Harvard's Olympics-hopeful heavy-weight crew races Northeastern, Brown and Rutgers for the Stein Cup today. The race will be the heavyweight's only contest on the Charles this spring.
There are only two college crews in the East which can hope to seriously push the varsity Crimson shell this year: Northeastern and Pennsylvania. Last year, the Huskies came within one second of Harvard in the season debut. Harvard's coach Harry Parker says he is "impressed" with Northeastern's improvement since then.
But Harvard has improved, too. Last summer's rowing, capped with spectacular victories and near-misses against big-time international competition, raised the sights of the seven men who return from the 1967 varsity.
The varsity boatings for today's race: Paul Hoffman, cox; Art Evans, stroke; captain Curt Canning, 7; Andy Larkin, 6; Fritz Hobbs, 5; Scott Steketee, 4; Steve Brooks, 3; Cleve Livingston, 2; and Dave Higgins, bow.
The only new men in the boat are Evans at stroke and Brooks at three. Competition for the seats was keen. Evans, who rowed six in last year's junior varsity, beat out Monk Terry, who stroked the lightweight varsity last spring, and the 1967 stroke Ian Gardiner. Today Terry strokes the heavyweight junior varsity and Gardiner sits at bow in the third varsity boat. Kit Wise strokes the third boat.
Brooks's competition for the three seat came from Mike Livingston. If Harvard suffers another near-disaster against Northeastern today, Parker could well decide to shake up the roster, but this is considered unlikely.
The oarsmen in the varsity shell average 198 pounds, 6'3".
Because of the Mexico City Olympics this year, all college regattas will be raced over 2000 meters. The normal heavyweight distance is one and three-quarters miles.
The shorter distance means Harvard will be stroking the bodies of its races much higher than it has been accustomed to doing in the past. The 37 or 38 beats per minute expected this spring compares to 33 or 34 common several years ago.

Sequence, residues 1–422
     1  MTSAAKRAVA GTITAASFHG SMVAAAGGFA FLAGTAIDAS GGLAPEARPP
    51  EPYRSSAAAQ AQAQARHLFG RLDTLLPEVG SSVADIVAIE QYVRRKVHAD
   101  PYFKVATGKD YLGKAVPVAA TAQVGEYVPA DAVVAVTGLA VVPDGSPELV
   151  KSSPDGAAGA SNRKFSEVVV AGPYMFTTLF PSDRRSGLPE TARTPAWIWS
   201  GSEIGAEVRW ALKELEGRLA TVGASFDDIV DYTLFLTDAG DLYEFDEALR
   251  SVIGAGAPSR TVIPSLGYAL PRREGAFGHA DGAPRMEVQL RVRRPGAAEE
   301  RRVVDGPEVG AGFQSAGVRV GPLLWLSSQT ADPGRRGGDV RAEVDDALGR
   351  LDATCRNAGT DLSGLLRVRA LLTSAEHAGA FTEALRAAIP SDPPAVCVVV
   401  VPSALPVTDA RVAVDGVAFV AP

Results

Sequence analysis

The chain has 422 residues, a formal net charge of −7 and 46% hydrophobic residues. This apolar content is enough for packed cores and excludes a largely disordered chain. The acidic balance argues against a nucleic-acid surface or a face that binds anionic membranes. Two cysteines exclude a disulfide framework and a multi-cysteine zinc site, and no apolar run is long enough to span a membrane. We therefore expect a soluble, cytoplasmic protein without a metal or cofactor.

Vesper Beat Huskies
Northeastern already has raced twice so far. The Huskies thrashed M.I.T. and B.U., and, a week ago, they came in a length and a half back of Vesper Boat Club of Philadelphia. Vesper is expected to provide the main competition for Harvard at the Olympic trials in mid-July.
Pennsylvania, which won the IRA's last June, is expected to put another exceptionally strong boat on the water this season. They are drawing on the brute strength of the 1967 freshmen as well as their junior varsity which took Harvard by four lengths on the Charles last year.
But Penn is rumored to have morale problems. Joe Burke, coach of the Red and Blue heavies, has instituted a selection system for varsity shell boatings which has caused several defections from Penn to Vesper. The system is based on an objective point count of trial races won earlier this year. Burke has taken a big gamble on this new system, but it may work.
Harvard rows Penn in the Adams Cup at Annapolis, May 4. The Compton Cup against M.I.T. and Princeton at Princeton, April 27, should provide no challenge for the Crimson.
Ted Washburn, whose rigorous training programs and disciplined coaching have turned out consistently winning freshmen crews for Harvard in the past four years, has a substantially lighter and less experienced squad to work with this spring.
The freshmen face major competition from Northeastern and Penn, and also from Princeton.
Northeastern appears to be in an especially strong position for today's race with Jim Dietz as the stroke. Dietz has achieved the reputation of rowing's newest wonder boy. He is the official world youth champion in single sculls, and won a gold medal for the United States in double sculls at the Pan-Am games in Winnepeg last summer.
The Northeastern freshmen have been working out regularly with their varsity this spring and have two races under their belt. The first race is always a psychological trial-by-fire for a freshman crew, and Harvard will be laboring under this disadvantage. But Washburn, who is unaccustomed to predicting victories against anyone, says "I think we'll beat them."
The boatings: cox, Tony Kane; stroke and captain, Bo Weisheit; Rod Petersen, 7; Bill Hobbs, 6; Roger Brooks, 5; Clark Gunness, 4; Brian Johnson, 3; Chuck Hewitt, 2; and Jim Ehrman, bow.
It is too early to assess Harvard's chances at the mid-July Olympics trials. In the East, Vesper is the crew to beat. Pennsylvania and Northeastern may also offer competition, depending on how well they fare against the Crimson during the season. Washington and California are the traditional powerhouses on the West Coast, and although it is too early to get a line on their development, they are reported to be weak this year.
All Harry Parker will say about going to Mexico City is this: "It is fairly clear that we have the potential to make a boat fast enough to go to the Trials and win them. But these oarsmen realize that a lot of different elements go into making a winning combination. It's not automatic. We're looking for that combination, and I think we have as good a chance as anyone else of finding it."
Major races this afternoon will begin around 4:00. Spectators gather at the finish line near the B.U. bridge. There is also a lightweight regatta: Harvard, M.I.T., and Dartmouth.